[Oldletter #10] Small batches, the no-code delusion and why SOLID is wrong
Every Friday, I’m sharing a short list of evergreen articles/resources broadly related to software engineering that wouldn’t typically get shared in most tech newsletters or social media feeds.
My backlog is running low again, so please send me any new recommendations you have.
This week’s links
Small Batches (2022) by Jonathan Hall. 3-post series on why working in smaller batches is so beneficial, both at the macro business level and the micro code/task level. Just reading through these benefits, even if you’re probably already aware of most of them, will make you want to be more deliberate about splitting things up.
Unfortunately, delaying deployments and batching them doesn’t merely delay the risk, it actually increases the risk. If any given feature has, say, a 1% chance of containing a defect that requires a rollback, then waiting to release 10 of them together means you have nearly a 10% chance of needing a rollback.
The No-Code Delusion (2020) by Alex Hudson. A piece which elucidates my inner unease about many low/no-code tools. Many of the concerns raised by Alex here are also applicable to functionless cloud integrations and not just non-technical user tools.
Programmers face this dilemma constantly: do we trust an external system and put a lot of configuration effort into it, or attempt to handle more of the logic ourselves? The logic doesn’t go away. Just because a decision is embedded into the wiring of a Zapier rule doesn’t remove any of the burden of maintenance / correctness.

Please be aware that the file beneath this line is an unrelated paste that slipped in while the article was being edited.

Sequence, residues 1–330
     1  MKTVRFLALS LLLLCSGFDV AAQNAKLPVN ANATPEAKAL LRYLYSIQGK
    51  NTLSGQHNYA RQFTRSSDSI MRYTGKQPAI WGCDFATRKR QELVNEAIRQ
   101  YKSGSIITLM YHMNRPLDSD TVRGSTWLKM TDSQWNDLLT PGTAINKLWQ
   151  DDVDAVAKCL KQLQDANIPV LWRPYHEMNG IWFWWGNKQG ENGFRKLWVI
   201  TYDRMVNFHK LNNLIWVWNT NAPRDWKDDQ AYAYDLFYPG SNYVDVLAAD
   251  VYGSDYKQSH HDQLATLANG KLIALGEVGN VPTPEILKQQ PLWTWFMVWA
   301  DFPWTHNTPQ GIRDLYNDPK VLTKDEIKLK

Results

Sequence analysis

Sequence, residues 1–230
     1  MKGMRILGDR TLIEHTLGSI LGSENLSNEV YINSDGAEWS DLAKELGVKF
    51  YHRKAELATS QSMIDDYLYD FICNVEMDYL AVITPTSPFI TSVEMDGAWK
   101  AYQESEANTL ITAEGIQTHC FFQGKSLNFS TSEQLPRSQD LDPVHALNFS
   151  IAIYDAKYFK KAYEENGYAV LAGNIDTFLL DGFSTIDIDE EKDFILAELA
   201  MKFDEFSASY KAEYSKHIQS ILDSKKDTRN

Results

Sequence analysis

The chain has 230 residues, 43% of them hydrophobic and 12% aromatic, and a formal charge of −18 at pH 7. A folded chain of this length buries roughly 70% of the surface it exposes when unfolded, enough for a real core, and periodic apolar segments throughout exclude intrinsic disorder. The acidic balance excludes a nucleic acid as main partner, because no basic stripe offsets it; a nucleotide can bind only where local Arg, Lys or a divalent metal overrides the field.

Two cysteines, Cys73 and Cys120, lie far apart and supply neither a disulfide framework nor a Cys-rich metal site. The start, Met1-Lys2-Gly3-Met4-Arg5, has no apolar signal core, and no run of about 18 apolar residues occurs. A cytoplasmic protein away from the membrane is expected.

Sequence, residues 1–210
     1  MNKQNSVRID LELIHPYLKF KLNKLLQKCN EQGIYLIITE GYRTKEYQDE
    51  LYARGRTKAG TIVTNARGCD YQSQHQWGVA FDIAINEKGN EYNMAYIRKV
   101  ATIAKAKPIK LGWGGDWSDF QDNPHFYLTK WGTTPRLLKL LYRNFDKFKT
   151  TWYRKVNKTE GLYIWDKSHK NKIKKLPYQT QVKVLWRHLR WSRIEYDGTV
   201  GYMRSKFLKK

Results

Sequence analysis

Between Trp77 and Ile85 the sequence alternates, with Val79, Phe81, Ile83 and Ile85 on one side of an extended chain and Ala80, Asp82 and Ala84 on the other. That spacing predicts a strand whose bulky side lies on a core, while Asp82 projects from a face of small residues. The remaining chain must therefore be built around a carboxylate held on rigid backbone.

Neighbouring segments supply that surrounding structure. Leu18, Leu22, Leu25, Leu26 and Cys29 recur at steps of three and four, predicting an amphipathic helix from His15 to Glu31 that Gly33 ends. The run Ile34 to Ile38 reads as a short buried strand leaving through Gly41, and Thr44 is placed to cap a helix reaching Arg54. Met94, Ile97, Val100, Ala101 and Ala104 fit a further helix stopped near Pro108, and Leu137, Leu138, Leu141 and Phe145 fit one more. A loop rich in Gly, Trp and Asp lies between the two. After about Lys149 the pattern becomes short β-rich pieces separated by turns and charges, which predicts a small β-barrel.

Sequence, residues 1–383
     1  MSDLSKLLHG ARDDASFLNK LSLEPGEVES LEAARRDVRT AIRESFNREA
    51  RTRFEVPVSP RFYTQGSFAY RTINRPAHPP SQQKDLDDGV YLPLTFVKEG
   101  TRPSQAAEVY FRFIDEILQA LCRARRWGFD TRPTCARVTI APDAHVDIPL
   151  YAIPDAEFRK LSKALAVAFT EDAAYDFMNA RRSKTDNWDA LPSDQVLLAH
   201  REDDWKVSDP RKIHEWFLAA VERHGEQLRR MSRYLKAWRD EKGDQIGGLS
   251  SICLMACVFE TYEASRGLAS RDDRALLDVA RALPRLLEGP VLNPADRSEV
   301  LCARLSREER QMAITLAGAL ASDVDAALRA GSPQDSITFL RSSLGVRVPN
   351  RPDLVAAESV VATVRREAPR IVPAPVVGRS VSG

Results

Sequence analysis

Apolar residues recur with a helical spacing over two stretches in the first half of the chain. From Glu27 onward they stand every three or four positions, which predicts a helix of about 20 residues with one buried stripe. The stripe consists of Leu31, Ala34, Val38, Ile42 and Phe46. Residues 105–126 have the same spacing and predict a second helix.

Why every single element of SOLID is wrong (2021) by Dan North. The five SOLID principles have been treated as almost sacrosanct in software engineering circles, but Dan argues here that they are outdated and in need of replacing. I particularly like his takedown of the Dependency Inversion Principle (‘D’):
I don’t think it is an overstatement to say that our obsession with dependency inversion has single-handedly caused billions of dollars in irretrievable sunk cost and waste over the last couple of decades. The real principle here is option inversion. A dependency is only interesting when there might be multiple ways of providing it, and you only need to invert the relationship when you believe the wiring is important enough to become a separate concern. That’s quite a high bar, and mostly all you ever need is a
Submitting your recommendations
If you’d like to share an evergreen article/book which has significantly influenced your thinking or practice around software delivery, please email it through to me and I’ll add it to my backlog for sharing in future editions.
Have a great weekend!
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